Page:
Margaret Noel Hood
25 December 1909
|Died||15 October 1979 69) (aged|
|Spouse(s)||Charles Oliver (m. 1938–1979)|
Margaret Noel Hood (25 December 1909 – 15 October 1979) was a British actress.She was married to the Irish-born actor Charles Oliver.
Athene Seyler, CBE was an English actress.
Martita Edith Hunt was an Argentine-born British theatre and film actress. She had a dominant stage presence and played a wide range of powerful characters. She is best remembered for her performance as Miss Havisham in David Lean's Great Expectations.
Madge Blake was an American character actress best remembered for her role as Larry Mondello's mother, Margaret Mondello, on the CBS/ABC sitcom Leave It to Beaver, as Flora MacMichael on the ABC/CBS sitcom The Real McCoys, and as Aunt Harriet Cooper in 96 episodes of ABC's Batman. Gene Kelly had a special affection for her and included her in each of his films following her role in An American in Paris.
Irene Handl was a British character actress who appeared in more than 100 British films.
Eleanor Audley was an American actress with a distinctive voice and a diverse body of work. Audley was best known for her roles as aristocratic, somewhat villainous matrons. She played Oliver Douglas's mother, Eunice Douglas, on the CBS sitcom Green Acres (1965–1969), and provided Disney animated features with the voices of Lady Tremaine in Cinderella (1950); and Maleficent in Sleeping Beauty (1959). She had roles in live-action films, but was most active in radio programs such as My Favorite Husband and Father Knows Best. Audley's television appearances include those in I Love Lucy, The Dick Van Dyke Show, The Beverly Hillbillies, Mister Ed and My Three Sons.
Delphi Lawrence was an English actress. She was educated at Halidon House School in Slough, Berkshire whilst living in Colnbrook. Of Hungarian ancestry, Lawrence trained as a concert pianist before becoming an actress training at RADA and graduating in 1949. She made her first film in 1952 and over the next decade established a following in British films. She graduated to lead roles, but almost exclusively in "B" films.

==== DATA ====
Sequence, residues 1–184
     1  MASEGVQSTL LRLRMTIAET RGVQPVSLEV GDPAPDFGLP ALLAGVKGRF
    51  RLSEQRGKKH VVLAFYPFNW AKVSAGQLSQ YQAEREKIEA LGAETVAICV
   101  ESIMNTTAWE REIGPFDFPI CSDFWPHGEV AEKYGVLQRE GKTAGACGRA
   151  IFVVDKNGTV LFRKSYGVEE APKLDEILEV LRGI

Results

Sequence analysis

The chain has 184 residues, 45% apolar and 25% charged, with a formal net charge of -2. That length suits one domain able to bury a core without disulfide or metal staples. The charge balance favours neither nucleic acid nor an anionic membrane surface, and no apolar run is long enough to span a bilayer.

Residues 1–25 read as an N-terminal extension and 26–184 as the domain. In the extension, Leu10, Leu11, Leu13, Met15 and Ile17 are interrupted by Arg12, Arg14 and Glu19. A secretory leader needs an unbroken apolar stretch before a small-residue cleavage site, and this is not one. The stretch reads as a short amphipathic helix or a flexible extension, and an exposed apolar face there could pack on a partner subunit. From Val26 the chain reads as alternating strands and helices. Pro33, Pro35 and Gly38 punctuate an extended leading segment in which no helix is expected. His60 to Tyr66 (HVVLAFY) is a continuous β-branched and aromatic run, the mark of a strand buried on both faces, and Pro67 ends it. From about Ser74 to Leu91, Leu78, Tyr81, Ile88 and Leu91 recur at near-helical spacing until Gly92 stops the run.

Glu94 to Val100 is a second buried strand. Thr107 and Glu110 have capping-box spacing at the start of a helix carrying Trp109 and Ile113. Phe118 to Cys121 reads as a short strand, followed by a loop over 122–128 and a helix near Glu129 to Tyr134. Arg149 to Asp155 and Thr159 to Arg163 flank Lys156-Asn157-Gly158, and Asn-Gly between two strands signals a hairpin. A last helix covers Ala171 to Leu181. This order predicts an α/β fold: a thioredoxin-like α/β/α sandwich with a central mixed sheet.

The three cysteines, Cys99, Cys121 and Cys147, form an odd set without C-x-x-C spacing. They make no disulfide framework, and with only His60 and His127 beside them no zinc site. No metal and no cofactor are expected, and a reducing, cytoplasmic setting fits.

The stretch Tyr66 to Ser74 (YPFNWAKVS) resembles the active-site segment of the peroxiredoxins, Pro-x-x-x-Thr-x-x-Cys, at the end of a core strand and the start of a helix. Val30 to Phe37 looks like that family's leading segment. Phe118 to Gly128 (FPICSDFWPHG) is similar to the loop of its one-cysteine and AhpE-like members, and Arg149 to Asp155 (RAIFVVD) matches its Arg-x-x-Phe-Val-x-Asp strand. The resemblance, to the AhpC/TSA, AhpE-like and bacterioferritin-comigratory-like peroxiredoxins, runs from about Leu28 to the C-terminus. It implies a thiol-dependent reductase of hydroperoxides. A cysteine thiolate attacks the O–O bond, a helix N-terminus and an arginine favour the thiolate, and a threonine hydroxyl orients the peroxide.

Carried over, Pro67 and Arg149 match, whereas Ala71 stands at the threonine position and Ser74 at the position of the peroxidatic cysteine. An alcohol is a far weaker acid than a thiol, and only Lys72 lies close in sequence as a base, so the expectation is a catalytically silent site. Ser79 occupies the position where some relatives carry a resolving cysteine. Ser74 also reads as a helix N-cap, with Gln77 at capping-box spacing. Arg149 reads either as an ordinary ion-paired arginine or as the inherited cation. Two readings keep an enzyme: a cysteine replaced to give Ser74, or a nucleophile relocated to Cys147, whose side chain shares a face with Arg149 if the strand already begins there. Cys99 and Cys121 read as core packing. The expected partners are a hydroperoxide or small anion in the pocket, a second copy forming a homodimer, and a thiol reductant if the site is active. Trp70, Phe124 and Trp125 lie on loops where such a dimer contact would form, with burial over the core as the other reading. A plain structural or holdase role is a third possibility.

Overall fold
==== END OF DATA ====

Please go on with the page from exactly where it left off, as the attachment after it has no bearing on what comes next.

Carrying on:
Jean Anderson was an English actress born in Eastbourne, Sussex. She is best remembered for her television roles as hard-faced matriarch Mary Hammond in the BBC drama The Brothers (1972–1976) and as rebellious aristocrat Lady Jocelyn "Joss" Holbrook in the Second World War series Tenko (1982–1985).
Mona Lee Washbourne was an English actress of stage, film, and television. Her most critically acclaimed role was in the film Stevie (1978), late in her career, for which she was nominated for a Golden Globe Award and a BAFTA Award.
Joan Benham was an English actress best known for her portrayal of Lady Prudence Fairfax in the ITV period drama series Upstairs, Downstairs. She was born in London and was the first cousin of Hollywood actress Olive Sturgess.
Judith Furse was an English actress.
Grace Arnold was an English actress.
Marianne Stone was an English character actress. She mainly appeared in films from the early 1940s to the late 1980s, and usually played working class parts such as barmaids, secretaries and landladies. Stone is probably best known for her contribution to the Carry On films, of which she appeared in nine, and took part in an episode of the Carry On Laughing television series. She also had supporting roles with comedian Norman Wisdom.
Hessy Doris Lloyd was an English–American film and stage actress. She is perhaps best known for her roles in The Time Machine (1960) and The Sound of Music (1965). Lloyd appeared in two Academy Award winners and four other nominees.
Beatrice Evelyn Varley was an English actress who appeared in television and film roles between 1936 and 1964. She made her screen debut in the 1936 film Tomorrow We Live and began to portray a variety of character roles in films such as Oh, Mr Porter!, Holiday Camp and The Wicked Lady before moving predominantly into television until she died in 1964.
Ambrosine Phillpotts was a British actress of theatre, TV, radio and film. The Times wrote, "She was one of the last great stage aristocrats, a stylish comedienne best known for playing on stage and screen a succession of increasingly 'grandes dames' with an endearing mixture of Edwardian snobbery and eccentric absent-mindedness".
Charles Lamb was a British stage, film and television actor. Previously an engineer, he made his theatre debut in 1924.
Mary Treen was an American film and television actress. A minor actress for much of her career, she managed to secure a plain, unassuming niche for herself in the Hollywood of the 1940s, 1950s, and 1960s.
Ian Macrae Hamish Wilson was an English small role actor who appeared in over 145 films during his career. Most were small uncredited roles often playing meek public servants, professional men or busy bodies. Film appearances included The Plank 1967, The Day of the Triffids 1962, Carry On Jack 1963, Two-Way Stretch 1960, Hell Drivers 1957, The Ugly Duckling 1959 and Rotten to the Core 1965. His first film appearance was in the silent A Master of Craft in 1922, and his last was in The Wicker Man in 1973. Several of his films were made by the Boulting brothers, who considered him a "good luck charm." Wilson died in December 1987 in Devon.
Edie Martin was a British actress. She was a ubiquitous performer, on stage from 1886, playing generally small parts but in high demand, appearing in scores of British films. She frequently appeared in memorable Ealing comedies as their resident ”little old lady.”
Jesslyn Fax was a Canadian-American actress. She is known for playing 'Miss Hearing Aid' in Rear Window (1954), Avis Grubb in The Music Man (1962), Miss Hemphill in The Man Who Died Twice (1958), and Airline passenger in The Family Jewels (1965).